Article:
High-pressure radiative conductivity of dense silicate glasses with potential implications for dark magmas

Motohiko Murakami*, Alexander F. Goncharov, Naohisa Hirao, Ryo Masuda, Takaya Mitsui, Sylvia Monique Thomas, Craig R. Bina

*Corresponding author for this work

Research output: Contribution to journalArticlepeer-review

19 Scopus citations


The possible presence of dense magmas at Earth's core-mantle boundary is expected to substantially affect the dynamics and thermal evolution of Earth's interior. However, the thermal transport properties of silicate melts under relevant high-pressure conditions are poorly understood. Here we report in situ high-pressure optical absorption and synchrotron Mössbauer spectroscopic measurements of iron-enriched dense silicate glasses, as laboratory analogues for dense magmas, up to pressures of 85 GPa. Our results reveal a significant increase in absorption coefficients, by almost one order of magnitude with increasing pressure to ∼50 GPa, most likely owing to gradual changes in electronic structure. This suggests that the radiative thermal conductivity of dense silicate melts may decrease with pressure and so may be significantly smaller than previously expected under core-mantle boundary conditions. Such dark magmas heterogeneously distributed in the lower mantle would result in significant lateral heterogeneity of heat flux through the core-mantle boundary.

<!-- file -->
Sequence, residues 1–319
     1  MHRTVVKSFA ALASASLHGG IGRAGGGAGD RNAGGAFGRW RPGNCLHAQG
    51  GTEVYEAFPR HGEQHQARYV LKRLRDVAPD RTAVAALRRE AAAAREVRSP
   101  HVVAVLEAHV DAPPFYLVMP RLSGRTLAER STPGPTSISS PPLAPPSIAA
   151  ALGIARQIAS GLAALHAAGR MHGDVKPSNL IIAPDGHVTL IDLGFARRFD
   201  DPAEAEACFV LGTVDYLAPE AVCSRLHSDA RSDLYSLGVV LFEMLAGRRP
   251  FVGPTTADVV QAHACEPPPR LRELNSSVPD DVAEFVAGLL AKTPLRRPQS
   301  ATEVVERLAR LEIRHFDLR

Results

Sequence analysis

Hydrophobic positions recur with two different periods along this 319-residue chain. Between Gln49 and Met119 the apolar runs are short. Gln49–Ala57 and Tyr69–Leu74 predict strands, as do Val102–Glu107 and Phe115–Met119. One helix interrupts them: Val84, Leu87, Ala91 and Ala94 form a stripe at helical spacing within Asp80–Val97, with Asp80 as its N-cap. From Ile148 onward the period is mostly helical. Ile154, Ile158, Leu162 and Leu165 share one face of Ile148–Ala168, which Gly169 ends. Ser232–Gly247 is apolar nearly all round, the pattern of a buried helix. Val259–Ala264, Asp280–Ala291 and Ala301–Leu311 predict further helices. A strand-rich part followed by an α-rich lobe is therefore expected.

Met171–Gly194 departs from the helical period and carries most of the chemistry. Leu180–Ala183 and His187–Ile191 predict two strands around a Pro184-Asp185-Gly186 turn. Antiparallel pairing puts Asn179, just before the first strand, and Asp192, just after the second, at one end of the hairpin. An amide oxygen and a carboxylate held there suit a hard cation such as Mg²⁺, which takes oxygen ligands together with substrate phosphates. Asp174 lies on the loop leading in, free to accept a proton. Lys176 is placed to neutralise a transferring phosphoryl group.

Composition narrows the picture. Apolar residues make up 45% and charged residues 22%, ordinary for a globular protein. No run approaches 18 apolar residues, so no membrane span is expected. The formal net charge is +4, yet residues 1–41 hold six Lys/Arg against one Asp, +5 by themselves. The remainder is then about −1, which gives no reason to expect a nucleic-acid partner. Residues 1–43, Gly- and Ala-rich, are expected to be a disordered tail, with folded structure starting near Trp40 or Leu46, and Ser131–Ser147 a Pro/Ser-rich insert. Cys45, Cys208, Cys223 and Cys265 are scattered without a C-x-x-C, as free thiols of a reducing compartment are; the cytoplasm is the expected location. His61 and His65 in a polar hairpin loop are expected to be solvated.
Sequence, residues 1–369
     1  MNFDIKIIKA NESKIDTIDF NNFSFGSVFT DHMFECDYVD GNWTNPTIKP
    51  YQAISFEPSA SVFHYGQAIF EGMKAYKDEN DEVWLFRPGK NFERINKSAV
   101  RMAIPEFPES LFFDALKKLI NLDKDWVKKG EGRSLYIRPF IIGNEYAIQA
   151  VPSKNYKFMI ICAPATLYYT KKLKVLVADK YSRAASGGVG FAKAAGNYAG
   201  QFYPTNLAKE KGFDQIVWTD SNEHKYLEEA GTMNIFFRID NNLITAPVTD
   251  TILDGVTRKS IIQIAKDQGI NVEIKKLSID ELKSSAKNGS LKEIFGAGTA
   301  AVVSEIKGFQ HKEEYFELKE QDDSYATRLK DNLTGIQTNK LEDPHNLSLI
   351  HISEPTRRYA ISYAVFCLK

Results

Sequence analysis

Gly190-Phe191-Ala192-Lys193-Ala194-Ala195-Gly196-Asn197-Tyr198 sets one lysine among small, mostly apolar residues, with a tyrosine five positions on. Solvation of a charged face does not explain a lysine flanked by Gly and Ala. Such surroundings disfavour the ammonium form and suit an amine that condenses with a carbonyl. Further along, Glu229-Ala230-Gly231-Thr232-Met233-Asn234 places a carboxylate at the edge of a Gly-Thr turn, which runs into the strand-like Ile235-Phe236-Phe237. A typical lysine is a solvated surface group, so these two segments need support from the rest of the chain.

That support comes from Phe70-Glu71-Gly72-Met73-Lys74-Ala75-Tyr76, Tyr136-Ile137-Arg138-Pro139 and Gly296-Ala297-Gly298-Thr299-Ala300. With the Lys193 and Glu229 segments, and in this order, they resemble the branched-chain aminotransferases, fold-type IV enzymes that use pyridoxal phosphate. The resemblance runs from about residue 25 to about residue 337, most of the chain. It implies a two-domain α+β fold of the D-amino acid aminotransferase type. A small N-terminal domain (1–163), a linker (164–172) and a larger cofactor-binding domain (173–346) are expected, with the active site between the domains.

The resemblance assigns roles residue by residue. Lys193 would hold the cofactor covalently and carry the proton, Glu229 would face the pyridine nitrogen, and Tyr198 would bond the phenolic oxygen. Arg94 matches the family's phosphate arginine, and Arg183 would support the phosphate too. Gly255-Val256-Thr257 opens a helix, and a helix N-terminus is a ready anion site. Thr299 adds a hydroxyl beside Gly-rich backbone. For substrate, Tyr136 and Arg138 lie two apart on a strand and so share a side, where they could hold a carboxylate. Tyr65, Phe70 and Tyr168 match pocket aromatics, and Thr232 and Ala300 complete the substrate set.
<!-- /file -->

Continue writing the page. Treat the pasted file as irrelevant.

Original languageEnglish (US)
Article number5428
JournalNature communications
StatePublished - Nov 11 2014

ASJC Scopus subject areas

  • General Chemistry
  • General Biochemistry, Genetics and Molecular Biology
  • General Physics and Astronomy


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